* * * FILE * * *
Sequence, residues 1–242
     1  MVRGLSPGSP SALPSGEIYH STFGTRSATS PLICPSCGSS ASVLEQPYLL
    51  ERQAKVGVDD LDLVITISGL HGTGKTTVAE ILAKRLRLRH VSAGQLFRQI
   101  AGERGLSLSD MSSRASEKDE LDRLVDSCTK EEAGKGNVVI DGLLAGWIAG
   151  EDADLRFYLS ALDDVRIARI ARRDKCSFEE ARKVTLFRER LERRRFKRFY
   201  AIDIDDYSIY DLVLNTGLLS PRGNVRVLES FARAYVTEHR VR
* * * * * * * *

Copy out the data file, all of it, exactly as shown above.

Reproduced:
Sequence, residues 1–242
     1  MVRGLSPGSP SALPSGEIYH STFGTRSATS PLICPSCGSS ASVLEQPYLL
    51  ERQAKVGVDD LDLVITISGL HGTGKTTVAE ILAKRLRLRH VSAGQLFRQI
   101  AGERGLSLSD MSSRASEKDE LDRLVDSCTK EEAGKGNVVI DGLLAGWIAG
   151  EDADLRFYLS ALDDVRIARI ARRDKCSFEE ARKVTLFRER LERRRFKRFY
   201  AIDIDDYSIY DLVLNTGLLS PRGNVRVLES FARAYVTEHR VR